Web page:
I refer to the news dated June 10 titled “AirAsia pledges to fulfil refund requests” and “Petition launched to gather passengers in class action suit against AirAsia”.
Capital A Group CEO Tony Fernandes said in a statement that “AirAsia airlines have already paid back nearly everyone. AirAsia has opened the world to so many people and the majority of our guests decided to take a credit shell to help us which we thank them for.”
Meanwhile, AirAsia X CEO Benyamin Ismail said they understand guests’ frustrations and will ensure they get back what they paid for future use, in the form of full credits for such amounts paid, by way of travel vouchers.
Two years ago, I booked an AirAsia flight to Australia. However, the flight was cancelled by AirAsia due to the Covid-19 pandemic. AirAsia then decided to issue credit accounts without offering other refund options. The truth is that all passengers like me want a refund and not by way of credit account or travel voucher. By holding back passengers’ money, can AirAsia clarify what it meant by saying that it has already paid back almost all passengers?
According to the Cambridge Dictionary, “refund” means an amount of money that is given back to you, especially because you are not happy with a product or service that you have bought, and “reimbursement” means the act of paying back money to someone who has spent it for you or lost it because of you, or the amount that is paid back.
AirAsia’s stand on refund by way of issuing credit account or travel voucher is grossly unfair to air travel consumers as follows: –
(1) it is not only neither a refund nor a reimbursement but also in violation of Mavcom’s refund procedure;
(2) it is issued solely in the interest and benefit of AirAsia;
(3) flights were cancelled by AirAsia;
(4) the Covid-19 pandemic affected all parties including passengers like me;
(5) AirAsia has no legal right to retain passengers’ money after failing to deliver services as promised;
(6) AirAsia denied air travel consumers’ right to a refund;
(7) refund is merely for tickets purchased and not compensation for other travelling expenses and accommodation bookings;
(8) the use of credit account is subjected to the biased terms and conditions of AirAsia;
(9) passengers were forced to receive credit accounts without other refund options; and
(10) passengers are forced to fly again at higher fares as the original offer and acceptance has expired.
Obviously, AirAsia’s stand on refunds is misleading and needs clarification as there are many local and international passengers like me whose cases were also considered resolved by AirAsia and who are still waiting for a refund from AirAsia.
I then lodged a complaint with Mavcom regarding AirAsia’s rejection of my request for a refund. I was surprised and disappointed that Mavcom also rejected and closed my case without giving any valid reasons and asked me to deal directly with AirAsia myself.
However, what puzzled me the most is that Mavcom, on Nov 12, 2021, published an announcement on its official website as follows: –
Mavcom To Exercise Its Statutory Powers If AirAsia X Berhad Does Not Reimburse Air Travel Consumers for Tickets Purchased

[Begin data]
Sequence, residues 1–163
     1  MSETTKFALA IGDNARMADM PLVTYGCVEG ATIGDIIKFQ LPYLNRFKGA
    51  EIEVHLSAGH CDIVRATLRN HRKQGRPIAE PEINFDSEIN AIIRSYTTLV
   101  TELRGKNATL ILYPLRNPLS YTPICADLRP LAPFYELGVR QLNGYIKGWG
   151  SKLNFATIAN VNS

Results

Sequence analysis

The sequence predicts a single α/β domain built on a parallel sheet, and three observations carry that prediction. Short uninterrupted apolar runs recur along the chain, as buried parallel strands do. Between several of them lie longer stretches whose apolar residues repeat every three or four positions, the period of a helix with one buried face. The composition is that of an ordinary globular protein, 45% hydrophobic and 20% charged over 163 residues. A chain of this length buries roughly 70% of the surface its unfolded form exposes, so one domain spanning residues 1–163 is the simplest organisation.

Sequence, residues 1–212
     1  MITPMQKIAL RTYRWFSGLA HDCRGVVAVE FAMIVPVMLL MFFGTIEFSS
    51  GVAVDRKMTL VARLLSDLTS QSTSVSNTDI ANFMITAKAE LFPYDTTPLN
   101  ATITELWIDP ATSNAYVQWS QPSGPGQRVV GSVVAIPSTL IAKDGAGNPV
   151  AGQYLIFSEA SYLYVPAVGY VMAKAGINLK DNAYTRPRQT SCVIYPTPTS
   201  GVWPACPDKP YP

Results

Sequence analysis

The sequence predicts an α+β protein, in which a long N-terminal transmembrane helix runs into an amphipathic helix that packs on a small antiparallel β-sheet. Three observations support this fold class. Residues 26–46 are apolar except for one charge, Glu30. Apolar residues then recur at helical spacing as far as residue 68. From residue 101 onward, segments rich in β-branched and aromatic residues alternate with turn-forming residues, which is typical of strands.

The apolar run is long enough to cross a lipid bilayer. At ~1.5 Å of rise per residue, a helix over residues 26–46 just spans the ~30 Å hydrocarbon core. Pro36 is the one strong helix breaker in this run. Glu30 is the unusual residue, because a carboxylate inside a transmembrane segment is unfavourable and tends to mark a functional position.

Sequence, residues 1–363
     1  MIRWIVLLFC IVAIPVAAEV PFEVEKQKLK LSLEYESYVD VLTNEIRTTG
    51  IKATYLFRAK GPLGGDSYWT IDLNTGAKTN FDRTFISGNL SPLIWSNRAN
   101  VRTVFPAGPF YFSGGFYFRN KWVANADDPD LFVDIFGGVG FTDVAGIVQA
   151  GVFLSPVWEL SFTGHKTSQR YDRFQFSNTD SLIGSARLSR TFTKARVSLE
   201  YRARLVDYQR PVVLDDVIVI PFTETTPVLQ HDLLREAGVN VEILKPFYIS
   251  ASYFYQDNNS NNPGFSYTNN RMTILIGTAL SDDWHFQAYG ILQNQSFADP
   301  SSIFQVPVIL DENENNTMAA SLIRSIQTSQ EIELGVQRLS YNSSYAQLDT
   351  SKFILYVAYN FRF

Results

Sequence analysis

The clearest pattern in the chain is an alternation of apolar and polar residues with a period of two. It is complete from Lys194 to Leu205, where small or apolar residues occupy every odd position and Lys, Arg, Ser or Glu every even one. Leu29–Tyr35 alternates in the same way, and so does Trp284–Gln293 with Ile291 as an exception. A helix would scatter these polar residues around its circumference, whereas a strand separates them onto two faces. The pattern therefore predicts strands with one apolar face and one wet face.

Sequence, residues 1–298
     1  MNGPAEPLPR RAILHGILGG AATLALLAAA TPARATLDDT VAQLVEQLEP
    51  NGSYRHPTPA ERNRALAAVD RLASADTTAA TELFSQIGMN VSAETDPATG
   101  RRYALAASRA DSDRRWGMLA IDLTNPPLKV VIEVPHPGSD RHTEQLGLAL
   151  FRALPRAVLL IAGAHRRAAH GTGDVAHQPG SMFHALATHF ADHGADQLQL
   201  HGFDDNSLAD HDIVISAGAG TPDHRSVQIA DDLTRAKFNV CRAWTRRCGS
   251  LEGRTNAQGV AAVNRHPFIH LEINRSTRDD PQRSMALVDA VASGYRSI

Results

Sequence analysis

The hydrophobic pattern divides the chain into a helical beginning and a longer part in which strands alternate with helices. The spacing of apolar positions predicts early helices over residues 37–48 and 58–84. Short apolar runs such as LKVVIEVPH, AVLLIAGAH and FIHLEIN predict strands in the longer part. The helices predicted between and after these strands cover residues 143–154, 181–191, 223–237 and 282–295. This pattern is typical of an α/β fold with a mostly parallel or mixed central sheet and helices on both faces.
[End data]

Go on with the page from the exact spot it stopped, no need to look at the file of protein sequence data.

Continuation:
In line with the Malaysian Aviation Commission mandate to regulate economic and commercial matters relating to civil aviation in Malaysia and its commitment to protecting air travel consumer rights, Mavcom, on Nov 11, 2021, had issued a letter to AirAsia X Bhd (AAX) in response to its ongoing debt restructuring exercise. This letter follows from Mavcom’s earlier correspondence with AAX.
In this letter, Mavcom clearly and unequivocally urged AAX to reassess its proposal to treat air travel consumers as creditors and to pay only 0.5% of the value of tickets purchased as announced on Oct 18, 2021. Mavcom takes the view that air travel consumers ought not to be classified as “creditors” as the air travel consumers did not, inter alia, sell any products, provide services or make loans to AAX but instead have paid monies for the purchase of tickets in advance of their flights. Accordingly, Mavcom reiterates its position that AAX should reimburse air travel consumers for the tickets purchased.
If AAX fails to reimburse the affected air travel consumers accordingly, Mavcom will not hesitate to exercise its powers under the Malaysian Aviation Commission Act 2015 (Act 771).
AAX has repeatedly in its correspondence with Mavcom and in its statements made to the public, given the assurance that AAX is committed to reimburse air travel consumers who were not able to fly due to flight cancellations.
Mavcom is committed to discharging its duties under Act 771 and the Malaysian Aviation Consumer Protection Code in ensuring that air travel consumer rights are safeguarded.
Obviously, Mavcom’s stand on AirAsia’s refund policy is also misleading and needs clarification as there are many local and international passengers like me whose cases were also considered resolved by AirAsia and who are still waiting for a refund from AirAsia.
The views expressed in this article are those of the author(s) and do not necessarily reflect the position of MalaysiaNow.